Yuki Kihara, Invocation (2016)
single channel digital video, silent, 7 min 25 sec
edition of 7 + 2 AP
Yuki Kihara, Invocation (2016) single channel digital video, silent, 7 min 25 sec, edition of 7 + 2 AP, selected video stills
The new video work entitled Invocation (2016) by Yuki Kihara is conceptually informed by layers of personal and art-historical references linked to love, desire, and loss. The video portrays the hands of Kihara’s character Salome (1) performing ritualistic and symbolic gestures informed by the Samoan customary dance of the taualuga (2) and which reference visually the stop-motion photography of 19th-century French photographer Etienne Jules Marey.
In the Pacific generally and Samoa specifically, the ceremony of liulotofaga involves exhuming the bones of the deceased to be cleansed, oiled and cared for as a gesture of reconnecting with the ancestors. Special attention is paid to the skull, which is considered the most tapu (sacred) part of the body. This present-day invocation of ancestral spiritual presence is followed by the wrapping of the bones in siapo (bark) cloth and their reburial. Liulotofaga continues to be practiced today.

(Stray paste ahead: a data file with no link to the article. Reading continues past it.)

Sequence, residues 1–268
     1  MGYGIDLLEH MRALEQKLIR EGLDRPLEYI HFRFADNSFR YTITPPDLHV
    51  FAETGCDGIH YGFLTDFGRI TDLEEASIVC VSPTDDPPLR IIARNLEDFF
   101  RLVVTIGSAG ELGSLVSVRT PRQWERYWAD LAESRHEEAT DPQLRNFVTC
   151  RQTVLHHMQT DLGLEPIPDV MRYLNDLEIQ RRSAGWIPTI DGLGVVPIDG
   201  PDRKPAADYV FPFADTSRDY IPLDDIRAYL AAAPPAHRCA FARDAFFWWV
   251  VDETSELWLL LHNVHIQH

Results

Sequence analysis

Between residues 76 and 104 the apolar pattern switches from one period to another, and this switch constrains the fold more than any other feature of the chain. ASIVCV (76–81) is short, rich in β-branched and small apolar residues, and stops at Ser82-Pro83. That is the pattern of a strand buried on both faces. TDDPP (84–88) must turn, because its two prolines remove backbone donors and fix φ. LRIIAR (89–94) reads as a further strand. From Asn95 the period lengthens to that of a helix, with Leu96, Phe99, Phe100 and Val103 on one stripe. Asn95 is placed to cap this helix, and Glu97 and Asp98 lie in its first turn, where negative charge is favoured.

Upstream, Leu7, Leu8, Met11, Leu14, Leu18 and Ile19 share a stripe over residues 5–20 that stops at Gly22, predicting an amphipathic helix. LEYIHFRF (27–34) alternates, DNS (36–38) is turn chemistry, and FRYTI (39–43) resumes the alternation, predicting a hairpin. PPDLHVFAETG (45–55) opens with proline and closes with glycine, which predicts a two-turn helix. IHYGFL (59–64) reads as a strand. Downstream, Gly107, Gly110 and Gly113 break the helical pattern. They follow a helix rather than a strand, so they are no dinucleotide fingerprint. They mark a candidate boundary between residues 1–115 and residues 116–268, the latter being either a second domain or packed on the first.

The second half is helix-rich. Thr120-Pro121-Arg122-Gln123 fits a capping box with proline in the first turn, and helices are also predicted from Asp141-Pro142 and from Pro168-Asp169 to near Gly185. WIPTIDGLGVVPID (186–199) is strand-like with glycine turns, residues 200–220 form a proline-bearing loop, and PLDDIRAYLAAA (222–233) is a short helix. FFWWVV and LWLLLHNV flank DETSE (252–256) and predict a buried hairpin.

Invocation also references the broader ways in which aspects of women, sexuality, and death have been linked together across a variety of socio-cultural contexts. The biblical figure of Salome, sensual performer of the Dance of the Seven Veils, has inspired many artists over the centuries, and Paul Gaugin depicts the story in his work Arii Matamoe [The royal end] (1892) (3). In Oscar Wilde’s dramatisation of the story, Salome is rewarded with the (sacred) head of John the Baptist, which she then gently holds and caresses, so disgusting her stepfather, King Herodias, that he orders Salome’s own execution.
Kihara’s video work directly recalls surrealist works of Salvador Dali and Philippe Halsman, in particular Dali’s 1939 painting Ballerina in a Death's Head and the collaborative 1951 photograph In Voluptas Mors (‘voluptuous’ or ‘desirable’ death). In each work female bodies are arranged into the form of a skull – an overt conflation of sexual desire and the symbolism of the memento mori. In Invocation Kihara as artist/performer/character uses the sensual movements of the taualuga to somatically embody her own version of the death’s head.